Active listening as an essential intercultural skill
What happens when we are not listened to?
The implications of not being listened to go deeper than the frustrations of miscommunication, having to repeat the message or issues not being fully addressed. When we sense we haven’t been listened to we can lose rapport and feel that we or our views and ideas are not valued. And this can lead to a loss of trust and a lack of engagement. At worst, frustration and misunderstanding can escalate and turn into conflict – but actively listening and trying to understand the other’s frustrations can help to diffuse potentially conflictive situations.
Listening across cultures
Listening skills are essential in any kind of interpersonal interaction but when we are faced with language and cultural challenges, the need to pay full attention to what is really being said becomes paramount. We may need to work harder to understand different accents, speech patterns and use of language and to dispel our usual interpretations of silence, interruptions or body language.
We make assumptions about the meanings of certain words and phrases and don’t always realise that they can have slightly different meanings or connotations. For example, British speakers of English tend to use fewer absolute adjectives than their counterparts in the US and so an American listening to their British colleague may mistakenly infer that their colleague is not enthusiastic about the project because they haven’t sounded as positive as expected.
Listen beyond words
The key to being a really good listener is not only listening to what is said but also to what is not said. The ability to read between the lines and tune in to non-verbal signals such as facial expressions and body language. In some cultures and parts of the world where saving face is important, saying ‘no’ particularly to someone in authority is very difficult. If you really want to hear the ‘yes’ you need to listen for the subtext and tune into the speaker’s body language.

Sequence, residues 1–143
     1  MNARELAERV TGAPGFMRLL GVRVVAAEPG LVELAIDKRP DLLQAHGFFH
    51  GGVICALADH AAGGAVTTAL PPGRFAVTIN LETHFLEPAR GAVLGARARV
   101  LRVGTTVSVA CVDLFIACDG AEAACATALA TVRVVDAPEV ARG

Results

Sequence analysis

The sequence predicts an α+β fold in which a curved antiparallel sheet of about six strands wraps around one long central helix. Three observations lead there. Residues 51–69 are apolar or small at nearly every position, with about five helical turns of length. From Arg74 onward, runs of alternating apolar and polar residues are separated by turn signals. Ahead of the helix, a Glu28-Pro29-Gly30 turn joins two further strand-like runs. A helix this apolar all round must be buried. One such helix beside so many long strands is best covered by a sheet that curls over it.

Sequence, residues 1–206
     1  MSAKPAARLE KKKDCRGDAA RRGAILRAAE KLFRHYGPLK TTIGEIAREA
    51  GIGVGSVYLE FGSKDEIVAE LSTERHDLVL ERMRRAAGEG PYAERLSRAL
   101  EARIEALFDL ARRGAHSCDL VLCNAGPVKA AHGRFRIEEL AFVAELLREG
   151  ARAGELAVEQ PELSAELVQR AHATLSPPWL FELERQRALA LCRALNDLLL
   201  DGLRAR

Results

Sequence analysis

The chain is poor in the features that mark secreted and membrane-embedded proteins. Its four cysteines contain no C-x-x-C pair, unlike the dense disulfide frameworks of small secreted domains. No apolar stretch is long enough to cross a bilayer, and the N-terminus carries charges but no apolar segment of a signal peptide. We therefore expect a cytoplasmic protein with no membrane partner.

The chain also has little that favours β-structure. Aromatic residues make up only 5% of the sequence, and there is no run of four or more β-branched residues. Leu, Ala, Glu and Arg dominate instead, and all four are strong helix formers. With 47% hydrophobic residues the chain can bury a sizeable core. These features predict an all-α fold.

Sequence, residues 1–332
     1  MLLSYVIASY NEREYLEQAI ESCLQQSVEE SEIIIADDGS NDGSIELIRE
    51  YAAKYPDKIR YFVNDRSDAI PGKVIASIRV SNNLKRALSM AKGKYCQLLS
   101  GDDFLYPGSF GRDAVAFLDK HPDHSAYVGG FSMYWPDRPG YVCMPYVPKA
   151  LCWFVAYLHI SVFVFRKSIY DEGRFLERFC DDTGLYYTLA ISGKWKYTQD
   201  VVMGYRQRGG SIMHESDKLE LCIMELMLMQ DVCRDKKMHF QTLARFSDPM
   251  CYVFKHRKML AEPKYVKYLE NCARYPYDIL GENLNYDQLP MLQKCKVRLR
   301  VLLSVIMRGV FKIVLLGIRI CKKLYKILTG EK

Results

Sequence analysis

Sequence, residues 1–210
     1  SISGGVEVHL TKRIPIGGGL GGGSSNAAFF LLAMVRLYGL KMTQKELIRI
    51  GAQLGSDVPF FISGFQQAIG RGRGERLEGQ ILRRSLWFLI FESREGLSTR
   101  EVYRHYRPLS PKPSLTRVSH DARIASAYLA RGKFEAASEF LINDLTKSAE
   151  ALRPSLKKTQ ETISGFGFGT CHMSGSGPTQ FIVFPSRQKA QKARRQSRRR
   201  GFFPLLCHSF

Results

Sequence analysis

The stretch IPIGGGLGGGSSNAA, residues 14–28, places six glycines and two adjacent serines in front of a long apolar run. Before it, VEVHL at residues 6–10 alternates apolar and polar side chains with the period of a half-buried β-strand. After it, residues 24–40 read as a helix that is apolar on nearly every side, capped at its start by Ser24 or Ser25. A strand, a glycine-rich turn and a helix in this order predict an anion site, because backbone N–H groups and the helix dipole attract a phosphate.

Silence is also a powerful tool for both speaker and listener. In some east Asian cultures, for example, silence is a sign of respect for what has been said and it would seem rude to jump straight in as soon as the other person has finished. It’s also important to remember colleagues who speak your language as their second or even third language sometime need longer to formulate what they want to say and for them pausing is thinking time rather than a signal for you to start talking.
“There is a voice that doesn’t use words. Listen.” Rumi
Active listening means, as it suggests, listening actively and attentively. It involves concentrating fully on what is being said rather than just hearing in passing and it requires listening with all our senses.
The good news is that active listening is a skill that can be developed and improved. Monitor yourself next time you are on that weekly conference call and your colleagues are speaking. See if you adhere to these listening guidelines.
- Don’t assume you already know what is being said
- Listen to understand rather than just waiting for your turn to share a similar experience or give your opinion
- Don’t interrupt and pause before responding – the person speaking may still have more to say
- Tune in to the speaker’s body language and nod or smile or make other appropriate signals to show that you are listening
- Ask careful questions, paraphrase and check to make sure you have fully understood
Remember that if you are developing relationships with international colleagues or partners active listening is one of the most important intercultural skills you can develop.
“The biggest communication problem is we do not listen to understand. We listen to reply.” Stephen Covey